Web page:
The Effect of The Treaty of Versailles on Germany

The Effect of The Treaty of Versailles on Germany
The limits that the Treaty of Versailles placed on Germany limiting her military strength were the fact that the Rhineland, (which bordered France) was to be demilitarised, for France?s peace of mind. Germany was told to have only 100,000 soldiers, however she protested at this and said that this was not enough to keep the peace , and the fact that Germany was the only country forced to disarm angered her even further. Additionally, the Treaty of Versailles said that Germany was allowed no air force and only a tiny navy, although Britain did sign a later agreement in private decreeing that Germany could have a navy roughly a tenth of the size of Britain?s own navy. Roughly 16% of Germany?s coal-fields and half of her iron and steel industry was lost, and consequently she was able to make less weapons. When Hitler came to power in 1933 as Chancellor, he then, once he had a firm grip of the land, ignored the Treaty of Versailles and started to rebuilt the German army in secret. This gained the approval of many people, and Hitler showed his true colours between October 1935 and May 1936, when he entered the Rhineland while the Italians were invading Abyssinia. 3b) Why did the victorious powers want to limit Germany?s strength? The victorious powers wanted to limit Germany?s strength so that she didn?t, and was not able to, cause another war.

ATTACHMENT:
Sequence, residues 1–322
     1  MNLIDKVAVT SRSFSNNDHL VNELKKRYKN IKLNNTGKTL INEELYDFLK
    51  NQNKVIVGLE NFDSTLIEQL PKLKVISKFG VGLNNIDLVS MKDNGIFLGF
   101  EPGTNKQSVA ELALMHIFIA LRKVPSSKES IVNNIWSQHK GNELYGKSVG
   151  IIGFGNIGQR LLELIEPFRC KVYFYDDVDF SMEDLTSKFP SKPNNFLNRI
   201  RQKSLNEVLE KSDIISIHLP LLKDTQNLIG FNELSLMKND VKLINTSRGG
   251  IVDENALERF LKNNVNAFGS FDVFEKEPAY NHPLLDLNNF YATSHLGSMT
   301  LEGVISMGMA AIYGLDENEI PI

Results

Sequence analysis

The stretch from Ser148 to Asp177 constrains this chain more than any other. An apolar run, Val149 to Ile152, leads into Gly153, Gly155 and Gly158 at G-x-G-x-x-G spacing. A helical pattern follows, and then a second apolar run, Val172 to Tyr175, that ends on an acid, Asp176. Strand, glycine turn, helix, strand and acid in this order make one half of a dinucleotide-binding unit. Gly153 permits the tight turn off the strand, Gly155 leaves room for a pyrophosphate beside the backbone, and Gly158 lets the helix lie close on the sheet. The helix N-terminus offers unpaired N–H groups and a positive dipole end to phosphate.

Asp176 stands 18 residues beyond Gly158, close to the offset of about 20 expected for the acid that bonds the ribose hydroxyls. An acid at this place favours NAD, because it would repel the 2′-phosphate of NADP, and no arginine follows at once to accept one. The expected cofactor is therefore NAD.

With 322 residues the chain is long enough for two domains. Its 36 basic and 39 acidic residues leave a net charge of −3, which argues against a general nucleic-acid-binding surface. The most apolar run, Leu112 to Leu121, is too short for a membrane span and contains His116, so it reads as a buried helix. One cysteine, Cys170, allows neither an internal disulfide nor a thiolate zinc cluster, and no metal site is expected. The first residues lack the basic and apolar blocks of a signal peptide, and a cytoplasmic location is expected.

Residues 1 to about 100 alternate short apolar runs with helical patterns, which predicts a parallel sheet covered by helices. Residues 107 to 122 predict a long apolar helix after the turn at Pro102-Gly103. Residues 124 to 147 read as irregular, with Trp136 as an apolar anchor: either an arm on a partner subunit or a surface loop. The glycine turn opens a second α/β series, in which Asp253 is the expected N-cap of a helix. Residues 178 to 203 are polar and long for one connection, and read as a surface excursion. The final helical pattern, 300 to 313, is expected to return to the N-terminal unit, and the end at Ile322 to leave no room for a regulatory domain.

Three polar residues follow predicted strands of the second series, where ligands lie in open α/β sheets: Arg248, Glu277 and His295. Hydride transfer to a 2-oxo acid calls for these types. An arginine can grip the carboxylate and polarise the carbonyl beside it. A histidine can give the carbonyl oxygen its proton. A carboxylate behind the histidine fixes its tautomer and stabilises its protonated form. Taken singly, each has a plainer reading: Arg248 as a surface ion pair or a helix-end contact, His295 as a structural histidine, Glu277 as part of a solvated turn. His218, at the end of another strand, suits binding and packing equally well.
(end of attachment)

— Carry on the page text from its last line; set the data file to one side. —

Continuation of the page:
France and George Clemanceau wanted a harsh peace both economically and militarily to ruin Germany so that she would never be able to retaliate back and cause another war, or threaten French frontiers. The Americans led by the idealistic President Woodrow Wilson wanted a fair and extremely lenient peace in accordance with Wilson?s Fourteen Points speech, even though the Germans themselves had violated this idea by creating the Treaty of Brest-Litovsk with Russia in 1917. The British public wanted a harsh peace because of all the damage and hurt that the Germans had caused them, especially in the losing of loved ones. However, Lloyd George wanted a lenient peace, one that would allow Germany to get back on her feet and re-continue her trading with Britain, for before the First World War, she had been Britain?s second strongest trading partner. However, Lloyd George had just won an election promising to make the Germans pay with a harsh Treaty at Versailles, so he was going to have to strike a happy medium between these two objectives to appease everybody. In the end a compromise was reached that none of the three countries liked, and some of the terms of the Treaty of Versailles were impossible to fulfil, such as reparations and disarmament. 3c) "The most important reason why Germany hated the Treaty of Versailles was the military restrictions." Do you agree with this statement? Explain your answer. I agree with this because 100,000 troops, (which was the maximum number of troops as dictated by the Treaty of Versailles), probably was not enough to keep the peace in Germany, and all the Germans were very proud of their huge army, so to have it cut down to such a puny, pathetic size of 100,000, compared to what was roughly 2 million at the end of 1917, would have angered them greatly, for most of the people on the German Home Front believed that Germany had merely agreed upon a cease-fire, and was not a surrendered state, as the allies were treating her. Additionally, the Germans were further angered when they saw that none of the rest of Europe had disarmed. One cartoon of the time showed Germany with a white flag for peace sticking out of Berlin, and all of the other countries had weapons on their capitals, and all of the weapons were aiming in the general direction of Germany, the idea that Germany was disarmed, but (i) no other countries had disarmed, even though they were meant to, and (ii), although Germany was now a weak state, continuously crippled by the huge reparations payments, all Europe was still weary and slightly scared of her, arming themselves in case Germany was able to orchestrate another huge war. The war guilt clause angered Germans very much as a whole, for they did not believe that it was they who had started the war, and additionally, they did not want to have to pay the huge reparations for the war. The reparations payments, a result of the war guilt clause, (see above), were another bone of discontent among the Germans, who did not see why they should have to pay £6.6 billion to the allies when they did not believe that they had lost the war. So the Germans were upset by the disarmament clause, disbelieving and angered by the war guilt clause, and infuriated by the fact that they had to pay £6.6 billion in war reparations, even though they didn?t start the war, (they believed). The fact that the Treaty of Versailles was a dictated Treaty and peace settlement further infuriated the Germans, as they had to just turn up and sign the treaty, without any afore-hand talks. For the signing of the Treaty Ebert and the Weimar republic were blamed and were thus doomed from the start, and Hitler brought about the republics? downfall. Lots of land was lost, creating many refugees, and many Germans were not permitted to live in Germany any more, instead they had to live in Poland, or Czechoslovakia, and the Saar was lost ? to the League of Nations for 15 years. This was argued against because of Wilson?s 14 points, but the argument was rejected because of the Treaty of Brest-Litovsk. All of Germanys? colonies were lost as well, and were given to the ever greedy Britain and France under the name of ?mandates?. Through this, half of Africa was British and the other half was French, so for the German colonies, even more upheaval. Despite all of this, the Germans were still the most economically stable and greatest power economically within Europe.

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